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126 Cards in this Set

  • Front
  • Back
What are 5 functions of soil?
Medium for plant growth, Regulator of water supplies, Waste recycling system, Habitat for soil organisms, Engineering medium
What are the consequences of the 1935 Dust Bowl?
Loss of topsoil, decline in food output, health issues, abandoned farms and refugees
What Act was established after the Dust Bowl? Why?
Soil Conservation Service (1935), because views of soil being 'indestructible' changed
Who said “The nation that destroys its soil destroys itself.”?
F. D. Roosevelt (1937)
Why has erosion has been less obvious in Illinois?
damage done by water, not wind, years of intensive tillage converted soils to sediments, now dredged from the Illinois River in the Mud to Parks project
Soil = ?
What are the 3 Major Soil Components?
solids, liquids, gases
Soil Solids
inorganic minerals & organic matter (humus)
Primary minerals
formed by igneous rock)
Secondary minerals
formed by weathering
product of the decay of organic residues
Soil Water
soil solution composed of water, dissolved ions, molecules, & gases
Soil Atmosphere
contains similar gases as in atmosphere above the soil but often in very different proportions; higher CO2 & lower O2 than atmosphere
About 50% of soil is ______, 50% is _________
solids, voids
What are the 5 factors of soil formation?
CORPT: climate, organisms, relief, parent material, time
study of soil genesis, classification, morphology, mapping, & interception
smallest unit of a soil, about 1m hexagon, 1-2m deep
vertical exposure of soil showing horizons
nearly horizontal layer in soil formed by pedogenic processes
Soil Profile
morphology, chemical/biological/physical processes, vary with factors of formation, horizons, & diagnostic horizons
Zones of loss
leaching, eluviation
Zones of gain
O horizon
A horizon
surface mineral “topsoil”
E horizon
eluvial, leached
Bt horizon
illuvial, accumulation of weathering products, clay
BC horizon
transitional to C horizon
C horizon
slightly altered parent material
R horizon
What is the parent material of Alfisol and Mollisol?
4 soil components
Air, Water, Organic Matter, and Minerals
Soil Solids
Inorganic Minerals and Organic Matter
decay product of organic residues
Texture Class
relative % of soil separates by weight
massive or single grained
granular, platy, subangular blocky, angular blocky, prismatic, & columnar
produced by improper tillage wet soils, heavy equipment
produced by natural soil forming peds are produced by natural soil forming processes
Ideal soil has a balance of
macro and micro pores
retain water against the pull of gravity; contain the soil solution
drain free of water; contain the soil atmosphere
Soil Consistence
response of soil to applied force at various moisture content
4 basic soil properties
Color (HVC), Texture (Sand, Silt, Clay), Consistence (friable, firm, plastic), Structure (blocky, platy, crumbs)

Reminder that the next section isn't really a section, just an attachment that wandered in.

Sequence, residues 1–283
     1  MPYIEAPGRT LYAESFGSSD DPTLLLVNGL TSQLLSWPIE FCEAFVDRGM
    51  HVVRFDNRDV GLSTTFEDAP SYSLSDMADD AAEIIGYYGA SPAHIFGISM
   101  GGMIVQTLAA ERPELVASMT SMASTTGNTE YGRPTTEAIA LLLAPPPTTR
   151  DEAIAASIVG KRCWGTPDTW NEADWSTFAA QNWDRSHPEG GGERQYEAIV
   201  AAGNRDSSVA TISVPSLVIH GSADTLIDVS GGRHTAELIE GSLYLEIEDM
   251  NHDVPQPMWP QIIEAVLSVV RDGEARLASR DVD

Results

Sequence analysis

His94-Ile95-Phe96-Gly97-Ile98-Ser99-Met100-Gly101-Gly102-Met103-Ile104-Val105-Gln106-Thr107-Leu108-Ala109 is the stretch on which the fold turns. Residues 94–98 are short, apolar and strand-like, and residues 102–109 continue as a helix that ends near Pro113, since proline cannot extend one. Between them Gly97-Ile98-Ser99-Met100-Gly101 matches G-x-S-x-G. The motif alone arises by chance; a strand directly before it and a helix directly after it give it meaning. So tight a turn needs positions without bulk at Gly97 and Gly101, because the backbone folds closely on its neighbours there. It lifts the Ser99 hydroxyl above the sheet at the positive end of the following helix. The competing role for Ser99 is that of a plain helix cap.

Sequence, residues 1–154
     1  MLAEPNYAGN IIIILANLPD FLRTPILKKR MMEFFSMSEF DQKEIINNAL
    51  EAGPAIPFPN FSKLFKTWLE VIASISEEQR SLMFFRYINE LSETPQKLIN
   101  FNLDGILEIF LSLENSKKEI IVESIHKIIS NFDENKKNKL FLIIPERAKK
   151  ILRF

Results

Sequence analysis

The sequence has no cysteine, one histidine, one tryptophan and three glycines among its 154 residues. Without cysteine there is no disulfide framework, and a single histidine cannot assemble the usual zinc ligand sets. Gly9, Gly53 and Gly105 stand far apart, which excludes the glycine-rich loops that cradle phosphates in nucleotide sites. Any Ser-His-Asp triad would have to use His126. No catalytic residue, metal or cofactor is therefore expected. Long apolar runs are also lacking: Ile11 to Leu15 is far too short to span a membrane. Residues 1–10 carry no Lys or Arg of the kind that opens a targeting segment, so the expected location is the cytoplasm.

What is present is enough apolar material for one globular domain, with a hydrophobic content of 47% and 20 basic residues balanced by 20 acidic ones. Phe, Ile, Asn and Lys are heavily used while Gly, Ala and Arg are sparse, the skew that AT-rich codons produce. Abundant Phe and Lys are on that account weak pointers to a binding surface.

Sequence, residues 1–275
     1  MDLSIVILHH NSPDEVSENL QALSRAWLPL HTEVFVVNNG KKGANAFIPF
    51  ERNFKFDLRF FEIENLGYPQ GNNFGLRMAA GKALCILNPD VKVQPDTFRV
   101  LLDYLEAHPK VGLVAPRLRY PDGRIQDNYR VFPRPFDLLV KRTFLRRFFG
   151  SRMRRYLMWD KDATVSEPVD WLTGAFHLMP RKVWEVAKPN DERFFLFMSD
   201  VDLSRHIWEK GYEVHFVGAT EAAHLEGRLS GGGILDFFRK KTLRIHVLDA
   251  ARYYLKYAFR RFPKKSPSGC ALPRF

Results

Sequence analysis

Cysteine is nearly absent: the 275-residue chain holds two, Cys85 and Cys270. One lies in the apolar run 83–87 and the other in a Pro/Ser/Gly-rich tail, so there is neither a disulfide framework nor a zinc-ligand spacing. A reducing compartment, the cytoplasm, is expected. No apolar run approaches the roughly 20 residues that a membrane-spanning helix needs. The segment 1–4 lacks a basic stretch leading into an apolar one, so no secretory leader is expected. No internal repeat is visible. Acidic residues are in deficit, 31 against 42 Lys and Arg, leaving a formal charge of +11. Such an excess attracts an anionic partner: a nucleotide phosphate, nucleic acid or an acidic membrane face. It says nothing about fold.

material that formed from rock weathered in place
material that has been transported by some agent
material that is moved by water and deposited in fresh water lakes
material deposited on flood plains of active streams; usually stratified
Alluvial Fans
materials often deposited in fan shaped deposits in high energy environments at base of slopes
sediment carried by streams deposited in slower water
old abandoned floodplains
material moved by gravity and deposited at the base of steep slopes
sandy material deposited by wind
a mixture of rock material that has been ground into an assortment of different sized particles and moved by the action of glacial ice
alluvial material that was deposited by streams of glacial meltwaters
conical hill, sorted by water, often by filling cavities in a glacial ice sheet with sediment
serpentine ridge, meltwater flowing within/beneath glaciers and carrying sediment
closed depressions left as ice blocks in outwash or till melt
Outwash Plain
broad expanse of outwash, often downslope of a moraine
Till Plain/Ground Moraine
level plain of till from beneath the glacier
pile of till in a large cigar-shaped hill oriented with the direction of ice movement
Top 3 IL parent materials:
Loess 63%, Till 12% (Wisconsinan, Illinoian), Alluvium 10%
chemical bonding of water to cations and anions
reaction of water with a mineral resulting in the splitting of water into H+ & OH ions
higher plants and microorganisms produce a variety of organic compounds
water is an excellent solvent for polar species
Soil horizons are distinguished by (4):
color, organic matter content, texture, & structure
Master horizons can be subdivided into (4):
A1, A2, Bt1, Bt2
Limnic horizon (L)
used with Histosols, material deposited under water, plant tissues, diatoms, fish droppings, etc. includes diatomaceous earth (di), marl (ma), coprogenous earth (co)